Digital transformation initiatives = greater risks
By Digital News Asia January 1, 2016
- Need to do business while maintaining current levels of risk management
- The default threat today is inside organisations, requires advanced detection
THE ongoing digital transformation initiatives in many organisations may bring many benefits but are also exposing them to greater risks, according to Cambridge-based cybersecurity firm Darktrace.
In 2016, Asia Pacific organisations will continue to embrace digital transformation – from network-connected smart TVs, photocopiers and air-conditioners in the boardroom for greater convenience, to the wider adoption of virtualisation and cloud, which enables employees to work anytime and anywhere, using smartphones, tablets and even smart watches, the company said in a statement.
Smart city initiatives in China, India and Singapore, alongside established projects like Songdo in South Korea, will drive a significant increase in the number of connected units or devices across the region, which is expected to increase from 3.1 billion to more than 8.6 billion by 2020.
This presents organisations with both a business opportunity and business risk, Darktrace said.
“Connected units or devices in industrial zones, office parks and shopping malls will no doubt improve efficiency, as well as reduce the cost of energy, spatial management and building maintenance, but this will come at the cost of increased vulnerability,” said its Asia Pacific managing director Sanjay Aurora (pic above).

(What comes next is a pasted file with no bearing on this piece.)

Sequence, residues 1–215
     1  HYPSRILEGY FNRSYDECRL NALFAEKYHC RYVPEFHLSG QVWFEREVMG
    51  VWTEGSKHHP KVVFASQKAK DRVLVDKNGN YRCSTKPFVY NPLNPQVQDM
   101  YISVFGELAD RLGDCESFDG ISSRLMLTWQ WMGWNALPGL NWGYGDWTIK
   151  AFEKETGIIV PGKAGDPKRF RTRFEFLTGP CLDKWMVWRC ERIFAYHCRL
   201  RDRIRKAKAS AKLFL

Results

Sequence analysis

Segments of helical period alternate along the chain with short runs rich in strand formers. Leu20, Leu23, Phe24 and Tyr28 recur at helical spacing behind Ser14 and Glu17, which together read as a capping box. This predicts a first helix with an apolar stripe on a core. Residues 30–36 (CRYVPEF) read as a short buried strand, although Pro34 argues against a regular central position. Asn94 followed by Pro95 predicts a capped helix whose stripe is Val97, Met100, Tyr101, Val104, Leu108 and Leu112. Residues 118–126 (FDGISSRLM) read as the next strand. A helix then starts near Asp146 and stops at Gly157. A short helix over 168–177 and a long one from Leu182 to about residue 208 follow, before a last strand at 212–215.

“Therefore, the most urgent concern is how to conduct business while maintaining the current levels of risk management, as networks become more open and complex, and more devices become interconnected.
“Businesses are expected to be able to keep information safe within flexible structures, but at the same time, they can no longer completely ‘fortify’ their online environments,” he added.
Sanjay cited the example of cloud servers, which remove some of the issues related to building and maintaining a large numbers of servers.
“However, the cloud also allows mistakes to be made at an unprecedented scale and magnitude,” he added.
As attackers increasingly obtain legitimate credentials from employees, customers, suppliers or contractors and exploit network access in ways that are difficult to predict, insider threat is likely to be the most significant and potentially damaging risk in 2016, Darktrace said.
Industry reports have also revealed a surge in cyber-espionage across South-East Asia in the first half of 2015, as the region becomes a larger economic player on the global stage.
“The US Office of Personnel Management hack in June and the recently reported VTech hack are sharp reminders that attackers are having an impact on trusted organisations at scales almost unimaginable,” said Sanjay.
“These incidents have shown us yet again that once perimeter defences have failed, many organisations remain blind to in-progress attacks for long periods of time, until the business and reputational damage becomes impossible to contain.
“We have also observed breaches within organisations that have gone unnoticed for up to 200 days, before the vulnerability was brought to light.